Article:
All of that brings us back to the original headline of the article.
We applaud you for having a content-filled website, and that could be helpful for improving your search results. But once a visitor is on your site, all that content can actually be distracting from completing the conversion goal.
What if your visitors read 3 or 4 of your blog articles rather than setting up an appointment? Then they close the tab and forget all about you. (Make sure you have retargeting ads set up so you can still reach visitors like this.)
If your conversion goal is a series of steps, then it is to your benefit to create a funnel that is as simple as possible for those visitors to go through. That is why a landing page might actually be better than a full website.
You can create different landing pages for different target audiences or different goals. That means that most visitors to your site will immediately have personalized content and a single path you guide them down towards conversion.
Here’s a practical example: Let’s say you run a professional services company that caters to two different sectors; for example maybe you have a division for landlords and a division for tenants. Your conversion goal is a call to discuss your services in more detail and close the deal.
In this case, you could set up two landing pages, one with content for landlords and another for tenants. That way, you’re able to get more relevant content to the right audience. You can promote each landing page with different audiences or different keywords. Visitors are less likely to click away because they’re immediately seeing information that’s applicable to them.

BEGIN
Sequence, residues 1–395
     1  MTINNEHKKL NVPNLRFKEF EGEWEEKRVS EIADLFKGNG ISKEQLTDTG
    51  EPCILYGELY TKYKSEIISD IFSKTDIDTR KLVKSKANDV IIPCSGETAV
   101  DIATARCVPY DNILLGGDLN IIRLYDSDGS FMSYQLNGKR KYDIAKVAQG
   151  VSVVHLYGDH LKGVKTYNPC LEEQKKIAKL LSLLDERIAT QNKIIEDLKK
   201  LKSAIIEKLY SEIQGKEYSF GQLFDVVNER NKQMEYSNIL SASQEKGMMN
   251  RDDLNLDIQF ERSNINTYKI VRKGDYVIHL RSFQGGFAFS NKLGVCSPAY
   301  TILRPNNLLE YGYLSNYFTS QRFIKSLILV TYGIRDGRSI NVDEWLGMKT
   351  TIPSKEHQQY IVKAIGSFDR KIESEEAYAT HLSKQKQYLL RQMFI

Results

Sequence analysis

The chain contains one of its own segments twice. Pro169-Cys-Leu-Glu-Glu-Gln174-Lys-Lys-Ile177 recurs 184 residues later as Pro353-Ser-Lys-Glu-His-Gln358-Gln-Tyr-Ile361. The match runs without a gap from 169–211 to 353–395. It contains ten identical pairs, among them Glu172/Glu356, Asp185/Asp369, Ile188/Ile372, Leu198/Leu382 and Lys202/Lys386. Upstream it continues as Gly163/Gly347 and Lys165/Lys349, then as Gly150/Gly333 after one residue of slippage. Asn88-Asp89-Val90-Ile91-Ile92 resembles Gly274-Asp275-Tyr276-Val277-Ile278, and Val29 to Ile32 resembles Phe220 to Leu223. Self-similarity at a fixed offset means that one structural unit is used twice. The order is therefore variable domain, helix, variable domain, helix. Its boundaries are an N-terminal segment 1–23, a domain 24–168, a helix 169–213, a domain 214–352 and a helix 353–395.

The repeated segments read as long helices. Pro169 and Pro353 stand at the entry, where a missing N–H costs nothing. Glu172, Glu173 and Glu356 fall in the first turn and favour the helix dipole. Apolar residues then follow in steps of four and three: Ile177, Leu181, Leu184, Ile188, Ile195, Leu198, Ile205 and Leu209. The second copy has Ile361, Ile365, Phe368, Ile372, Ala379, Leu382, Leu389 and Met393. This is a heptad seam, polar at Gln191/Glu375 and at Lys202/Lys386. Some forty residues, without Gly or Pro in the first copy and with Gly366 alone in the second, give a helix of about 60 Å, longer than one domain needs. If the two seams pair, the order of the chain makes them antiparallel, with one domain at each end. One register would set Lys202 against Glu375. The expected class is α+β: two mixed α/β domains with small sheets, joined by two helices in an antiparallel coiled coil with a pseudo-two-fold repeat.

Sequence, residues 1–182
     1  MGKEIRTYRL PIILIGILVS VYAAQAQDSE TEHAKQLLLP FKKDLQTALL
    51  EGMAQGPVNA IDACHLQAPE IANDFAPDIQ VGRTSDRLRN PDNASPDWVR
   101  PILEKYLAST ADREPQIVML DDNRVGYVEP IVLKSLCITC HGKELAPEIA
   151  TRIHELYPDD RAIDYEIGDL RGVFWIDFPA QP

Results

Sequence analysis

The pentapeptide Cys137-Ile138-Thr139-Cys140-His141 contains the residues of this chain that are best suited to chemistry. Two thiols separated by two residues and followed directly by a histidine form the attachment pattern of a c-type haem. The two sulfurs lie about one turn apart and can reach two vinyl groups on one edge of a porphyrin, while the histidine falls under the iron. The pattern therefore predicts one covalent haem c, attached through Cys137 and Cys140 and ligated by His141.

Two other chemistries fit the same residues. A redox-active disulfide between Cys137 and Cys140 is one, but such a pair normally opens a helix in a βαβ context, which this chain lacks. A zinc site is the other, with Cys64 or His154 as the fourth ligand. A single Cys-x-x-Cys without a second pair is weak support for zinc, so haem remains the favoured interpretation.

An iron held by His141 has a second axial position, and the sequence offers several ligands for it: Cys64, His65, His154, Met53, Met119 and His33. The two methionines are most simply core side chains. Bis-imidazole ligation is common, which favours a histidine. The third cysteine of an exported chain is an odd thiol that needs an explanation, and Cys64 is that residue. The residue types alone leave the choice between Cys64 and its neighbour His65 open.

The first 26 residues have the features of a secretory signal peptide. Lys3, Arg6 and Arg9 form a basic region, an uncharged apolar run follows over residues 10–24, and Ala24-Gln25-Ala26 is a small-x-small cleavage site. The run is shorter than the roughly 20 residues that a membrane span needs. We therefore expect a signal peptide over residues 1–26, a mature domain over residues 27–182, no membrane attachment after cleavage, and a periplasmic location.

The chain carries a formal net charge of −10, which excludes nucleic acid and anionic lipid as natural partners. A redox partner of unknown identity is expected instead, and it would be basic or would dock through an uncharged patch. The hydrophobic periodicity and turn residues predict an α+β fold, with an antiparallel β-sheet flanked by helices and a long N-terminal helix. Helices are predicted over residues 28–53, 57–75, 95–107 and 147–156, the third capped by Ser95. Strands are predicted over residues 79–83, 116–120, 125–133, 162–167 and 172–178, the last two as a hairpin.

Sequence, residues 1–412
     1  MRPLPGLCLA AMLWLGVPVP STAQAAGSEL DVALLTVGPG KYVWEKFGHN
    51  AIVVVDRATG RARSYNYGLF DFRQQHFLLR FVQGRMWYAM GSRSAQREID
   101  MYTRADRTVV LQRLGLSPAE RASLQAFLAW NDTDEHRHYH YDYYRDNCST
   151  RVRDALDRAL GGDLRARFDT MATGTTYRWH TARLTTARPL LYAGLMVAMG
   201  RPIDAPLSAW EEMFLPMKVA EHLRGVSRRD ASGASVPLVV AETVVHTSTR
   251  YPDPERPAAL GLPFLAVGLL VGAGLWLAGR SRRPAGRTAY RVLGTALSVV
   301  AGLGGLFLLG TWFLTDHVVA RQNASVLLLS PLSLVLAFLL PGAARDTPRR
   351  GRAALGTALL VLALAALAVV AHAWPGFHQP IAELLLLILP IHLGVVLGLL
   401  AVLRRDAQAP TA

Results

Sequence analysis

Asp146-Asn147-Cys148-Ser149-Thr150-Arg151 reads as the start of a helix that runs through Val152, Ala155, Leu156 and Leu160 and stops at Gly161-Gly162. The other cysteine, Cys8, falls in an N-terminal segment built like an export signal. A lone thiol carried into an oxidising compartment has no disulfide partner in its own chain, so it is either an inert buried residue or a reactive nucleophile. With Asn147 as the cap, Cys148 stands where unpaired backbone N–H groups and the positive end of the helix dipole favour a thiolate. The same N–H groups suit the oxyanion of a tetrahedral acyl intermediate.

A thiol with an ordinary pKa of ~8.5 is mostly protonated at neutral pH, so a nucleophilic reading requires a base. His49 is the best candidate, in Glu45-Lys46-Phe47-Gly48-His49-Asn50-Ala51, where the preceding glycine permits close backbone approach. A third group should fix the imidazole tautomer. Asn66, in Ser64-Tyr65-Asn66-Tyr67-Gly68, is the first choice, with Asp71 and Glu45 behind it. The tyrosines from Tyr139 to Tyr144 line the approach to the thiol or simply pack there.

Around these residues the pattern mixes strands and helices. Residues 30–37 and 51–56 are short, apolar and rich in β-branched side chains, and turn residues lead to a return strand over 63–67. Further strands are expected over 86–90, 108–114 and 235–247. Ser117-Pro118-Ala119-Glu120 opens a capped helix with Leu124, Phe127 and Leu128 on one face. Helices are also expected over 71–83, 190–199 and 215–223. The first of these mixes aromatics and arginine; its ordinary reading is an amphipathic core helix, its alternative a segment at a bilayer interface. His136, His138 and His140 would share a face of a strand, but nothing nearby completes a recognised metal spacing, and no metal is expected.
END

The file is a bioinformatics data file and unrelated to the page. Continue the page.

Once on your landing page, you share the most relevant content for that audience. You also allow visitors to schedule their call right from your landing page, which means they also share their contact details with you. No more phone tag and you can easily follow up to nurture the contact and keep your company top-of-mind. If your services are productized, you might even collect a deposit as your leads schedule their appointment.
With this strategy, there’s nowhere for your leads to get lost. They can’t accidentally navigate to the wrong page because there are no other pages. They can’t decide they can’t be bothered to wait for a phone call back from you because they don’t have to wait. Each step in the process proceeds smoothly to the next. And, your revenue can increase because now your landing pages can be micro-targeted to specific audiences, promotions, products/services, etc. which means they’re more relevant to people who see them.
The answer to our question, should you replace your website with a simple landing page?, therefore is not yes. But it's not clearly no either. We recommend a hybrid approach that uses your existing, content-filled website to leverage its Domain Authority and Search Engine Optimization success. But we also recommend considering the use of landing pages and conversion funnels to systemize your lead generation and closing process, and integrating that process with your content website. This strategy can help you wield the power of your website.